iPad Air 2022 is amazing — but it can't replace your laptop

iPad Air 5
(Image credit: Tom's Guide)

The Apple iPad Air 2022 is one of the highest-rated tablets on Tom’s Guide. Like its predecessor, the iPad Air 4, the new slate contains a lot of power within its slim, elegant frame. This is due in no small part to it packing the M1 chip, which helps the tablet zip between multiple open windows, watch streaming content and play games without a hitch. Put simply, the new iPad Air is a small wonder.

In my Apple iPad Air 2022 review, I said that the optional Magic Keyboard attachment turns the new iPad Air into a small laptop. My colleague Henry Casey shared a similar sentiment in his review of the previous model. Having a Magic Keyboard is what makes this seem like a good idea: Though I maintain that the Magic Keyboard is very expensive at $349, it’s a crucial peripheral for those who want to get more use out of the iPad Air beyond its touch capabilities.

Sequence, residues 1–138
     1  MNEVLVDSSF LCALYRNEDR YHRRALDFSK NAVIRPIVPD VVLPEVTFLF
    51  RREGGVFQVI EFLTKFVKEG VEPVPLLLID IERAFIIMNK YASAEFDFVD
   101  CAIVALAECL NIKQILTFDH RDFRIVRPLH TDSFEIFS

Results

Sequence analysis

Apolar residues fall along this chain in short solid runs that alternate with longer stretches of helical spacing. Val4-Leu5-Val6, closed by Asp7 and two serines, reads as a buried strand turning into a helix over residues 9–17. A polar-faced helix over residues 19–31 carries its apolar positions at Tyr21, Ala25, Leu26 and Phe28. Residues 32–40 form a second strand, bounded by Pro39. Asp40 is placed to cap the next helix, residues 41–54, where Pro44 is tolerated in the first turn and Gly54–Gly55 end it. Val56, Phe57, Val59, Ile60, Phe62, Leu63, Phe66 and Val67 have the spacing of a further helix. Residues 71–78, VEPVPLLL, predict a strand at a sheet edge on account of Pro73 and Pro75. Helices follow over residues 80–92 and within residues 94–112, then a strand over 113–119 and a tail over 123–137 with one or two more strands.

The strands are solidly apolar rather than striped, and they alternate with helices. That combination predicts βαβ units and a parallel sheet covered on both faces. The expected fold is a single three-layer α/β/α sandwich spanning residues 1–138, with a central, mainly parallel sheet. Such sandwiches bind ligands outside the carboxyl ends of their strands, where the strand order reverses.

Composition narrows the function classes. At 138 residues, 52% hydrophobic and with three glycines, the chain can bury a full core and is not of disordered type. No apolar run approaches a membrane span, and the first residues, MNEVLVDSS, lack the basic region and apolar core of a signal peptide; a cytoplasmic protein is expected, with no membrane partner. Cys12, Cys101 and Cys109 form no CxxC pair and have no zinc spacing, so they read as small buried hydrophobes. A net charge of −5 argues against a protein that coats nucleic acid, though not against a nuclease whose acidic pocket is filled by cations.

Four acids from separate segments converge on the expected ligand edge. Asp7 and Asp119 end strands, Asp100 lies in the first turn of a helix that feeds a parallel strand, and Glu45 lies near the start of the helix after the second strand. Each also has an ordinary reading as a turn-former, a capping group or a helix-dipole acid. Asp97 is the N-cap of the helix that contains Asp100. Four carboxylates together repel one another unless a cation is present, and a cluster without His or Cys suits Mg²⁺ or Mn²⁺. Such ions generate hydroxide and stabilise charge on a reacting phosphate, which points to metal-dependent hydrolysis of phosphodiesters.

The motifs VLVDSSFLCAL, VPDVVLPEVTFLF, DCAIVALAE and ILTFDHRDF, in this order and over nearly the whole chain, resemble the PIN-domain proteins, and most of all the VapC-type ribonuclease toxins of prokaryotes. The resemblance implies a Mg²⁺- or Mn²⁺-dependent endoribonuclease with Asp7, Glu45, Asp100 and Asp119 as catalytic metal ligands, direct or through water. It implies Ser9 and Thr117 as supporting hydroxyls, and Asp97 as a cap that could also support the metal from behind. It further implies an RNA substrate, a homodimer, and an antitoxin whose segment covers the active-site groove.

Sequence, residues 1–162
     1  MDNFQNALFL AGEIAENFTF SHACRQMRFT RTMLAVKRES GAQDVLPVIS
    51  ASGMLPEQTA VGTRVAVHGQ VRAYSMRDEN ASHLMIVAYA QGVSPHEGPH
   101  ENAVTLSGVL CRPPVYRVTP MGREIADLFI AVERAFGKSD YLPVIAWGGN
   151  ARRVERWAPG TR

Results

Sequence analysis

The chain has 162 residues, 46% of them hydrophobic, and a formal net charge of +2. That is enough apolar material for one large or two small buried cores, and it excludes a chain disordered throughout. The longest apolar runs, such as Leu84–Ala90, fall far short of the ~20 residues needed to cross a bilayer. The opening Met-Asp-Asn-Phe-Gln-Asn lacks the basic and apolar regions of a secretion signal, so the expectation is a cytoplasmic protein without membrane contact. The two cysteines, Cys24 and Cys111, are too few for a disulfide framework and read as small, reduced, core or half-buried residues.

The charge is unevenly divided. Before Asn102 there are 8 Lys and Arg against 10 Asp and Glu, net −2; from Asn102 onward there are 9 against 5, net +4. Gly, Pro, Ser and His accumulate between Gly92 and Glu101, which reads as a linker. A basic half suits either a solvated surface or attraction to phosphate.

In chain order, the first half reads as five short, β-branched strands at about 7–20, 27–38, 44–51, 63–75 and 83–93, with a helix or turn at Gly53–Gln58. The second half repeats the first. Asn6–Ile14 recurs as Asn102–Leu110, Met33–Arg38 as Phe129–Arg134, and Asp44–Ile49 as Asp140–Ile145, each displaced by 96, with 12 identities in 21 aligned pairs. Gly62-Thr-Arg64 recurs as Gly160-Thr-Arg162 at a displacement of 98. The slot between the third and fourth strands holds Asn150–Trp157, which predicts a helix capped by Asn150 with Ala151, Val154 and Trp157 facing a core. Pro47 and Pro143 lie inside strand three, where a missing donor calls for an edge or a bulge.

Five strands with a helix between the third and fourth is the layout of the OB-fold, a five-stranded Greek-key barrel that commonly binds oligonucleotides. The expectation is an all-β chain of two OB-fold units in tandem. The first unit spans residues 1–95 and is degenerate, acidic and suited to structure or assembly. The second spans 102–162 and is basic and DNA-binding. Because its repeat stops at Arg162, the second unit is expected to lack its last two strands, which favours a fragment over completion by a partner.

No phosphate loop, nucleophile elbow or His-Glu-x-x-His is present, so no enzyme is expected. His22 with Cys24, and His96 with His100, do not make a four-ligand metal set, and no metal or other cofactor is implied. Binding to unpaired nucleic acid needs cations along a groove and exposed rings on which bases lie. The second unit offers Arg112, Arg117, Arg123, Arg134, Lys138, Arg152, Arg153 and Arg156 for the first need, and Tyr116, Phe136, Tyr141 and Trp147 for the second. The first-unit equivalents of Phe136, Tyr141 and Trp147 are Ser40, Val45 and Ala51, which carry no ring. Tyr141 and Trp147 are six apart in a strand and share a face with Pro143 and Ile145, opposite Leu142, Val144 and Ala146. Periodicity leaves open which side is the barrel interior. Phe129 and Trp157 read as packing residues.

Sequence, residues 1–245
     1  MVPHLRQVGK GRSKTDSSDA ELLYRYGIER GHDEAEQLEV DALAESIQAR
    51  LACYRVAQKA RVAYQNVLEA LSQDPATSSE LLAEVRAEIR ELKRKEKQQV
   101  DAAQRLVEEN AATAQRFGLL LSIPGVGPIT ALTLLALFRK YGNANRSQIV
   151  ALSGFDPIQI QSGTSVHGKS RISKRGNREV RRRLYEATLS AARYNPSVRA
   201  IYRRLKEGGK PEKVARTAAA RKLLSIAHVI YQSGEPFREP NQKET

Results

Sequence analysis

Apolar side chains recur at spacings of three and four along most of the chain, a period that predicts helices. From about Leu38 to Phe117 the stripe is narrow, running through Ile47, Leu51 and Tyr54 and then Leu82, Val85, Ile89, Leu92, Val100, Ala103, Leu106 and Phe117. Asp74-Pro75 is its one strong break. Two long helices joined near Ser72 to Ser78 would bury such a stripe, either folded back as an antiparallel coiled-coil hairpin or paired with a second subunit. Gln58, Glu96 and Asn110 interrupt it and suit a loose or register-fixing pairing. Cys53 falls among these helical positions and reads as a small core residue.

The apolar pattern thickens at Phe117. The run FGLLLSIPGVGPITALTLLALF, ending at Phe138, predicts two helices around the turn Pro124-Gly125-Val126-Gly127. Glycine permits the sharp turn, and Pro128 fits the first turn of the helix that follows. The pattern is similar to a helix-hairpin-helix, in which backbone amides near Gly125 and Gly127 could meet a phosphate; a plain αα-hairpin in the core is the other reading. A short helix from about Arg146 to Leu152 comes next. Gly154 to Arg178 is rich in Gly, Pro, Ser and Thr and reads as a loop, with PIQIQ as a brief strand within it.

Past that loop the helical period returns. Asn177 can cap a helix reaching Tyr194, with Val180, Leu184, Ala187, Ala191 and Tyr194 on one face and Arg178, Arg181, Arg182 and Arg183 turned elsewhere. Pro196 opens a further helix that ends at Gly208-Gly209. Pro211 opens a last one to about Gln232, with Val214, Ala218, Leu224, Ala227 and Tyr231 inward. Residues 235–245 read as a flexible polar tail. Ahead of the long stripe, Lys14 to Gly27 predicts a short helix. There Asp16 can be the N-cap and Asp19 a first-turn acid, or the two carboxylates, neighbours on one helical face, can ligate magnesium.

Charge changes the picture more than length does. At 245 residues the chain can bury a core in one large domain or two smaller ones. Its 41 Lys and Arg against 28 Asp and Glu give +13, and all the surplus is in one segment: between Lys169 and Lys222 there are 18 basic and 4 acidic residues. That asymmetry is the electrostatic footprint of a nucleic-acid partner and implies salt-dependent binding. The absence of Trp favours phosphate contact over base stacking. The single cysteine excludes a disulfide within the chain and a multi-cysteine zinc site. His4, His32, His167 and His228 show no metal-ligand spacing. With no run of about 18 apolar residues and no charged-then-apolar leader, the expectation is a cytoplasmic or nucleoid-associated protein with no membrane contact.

The iPad Air is certainly a fantastic tablet, but how well can it function as a laptop replacement? Our own Kelly Woo tried to use the iPad Air 4 for work while at the airport last year and found it lacking. But now there's a new iPad Air in town, and you might be wondering: Is this the iPad that will replace your laptop? Should it?

The short answer is, no. Though it makes a halfway decent laptop in a pinch, the new iPad Air still isn't as capable as the best Windows laptops or best MacBooks. Here's why.

The Magic Keyboard is good but not great

As I said in my iPad Air 2022 review, the Magic Keyboard is a solid peripheral. I think it’s superior to the Book Cover Keyboard that you can purchase for the Galaxy Tab S8 Ultra for $349. While not a full keyboard, Apple's Magic Keyboard has enough space to let most people comfortably type on. The keys themselves also have a satisfying amount of resistance when you press them. 

iPad Pro 2021 (11-inch) review

The Magic Keyboard is a great peripheral but it's not as spacious as a full keyboard. (Image credit: Tom's Guide)